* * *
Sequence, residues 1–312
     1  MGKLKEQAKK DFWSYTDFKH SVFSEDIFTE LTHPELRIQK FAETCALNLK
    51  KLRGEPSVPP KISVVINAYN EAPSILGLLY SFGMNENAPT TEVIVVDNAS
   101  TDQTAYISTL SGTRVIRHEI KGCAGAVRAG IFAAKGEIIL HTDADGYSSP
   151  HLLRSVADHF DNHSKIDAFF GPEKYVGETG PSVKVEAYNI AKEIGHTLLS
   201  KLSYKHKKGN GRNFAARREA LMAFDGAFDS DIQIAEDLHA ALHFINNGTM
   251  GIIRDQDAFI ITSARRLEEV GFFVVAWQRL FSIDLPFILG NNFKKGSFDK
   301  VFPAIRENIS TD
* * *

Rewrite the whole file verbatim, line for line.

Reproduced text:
Sequence, residues 1–312
     1  MGKLKEQAKK DFWSYTDFKH SVFSEDIFTE LTHPELRIQK FAETCALNLK
    51  KLRGEPSVPP KISVVINAYN EAPSILGLLY SFGMNENAPT TEVIVVDNAS
   101  TDQTAYISTL SGTRVIRHEI KGCAGAVRAG IFAAKGEIIL HTDADGYSSP
   151  HLLRSVADHF DNHSKIDAFF GPEKYVGETG PSVKVEAYNI AKEIGHTLLS
   201  KLSYKHKKGN GRNFAARREA LMAFDGAFDS DIQIAEDLHA ALHFINNGTM
   251  GIIRDQDAFI ITSARRLEEV GFFVVAWQRL FSIDLPFILG NNFKKGSFDK
   301  VFPAIRENIS TD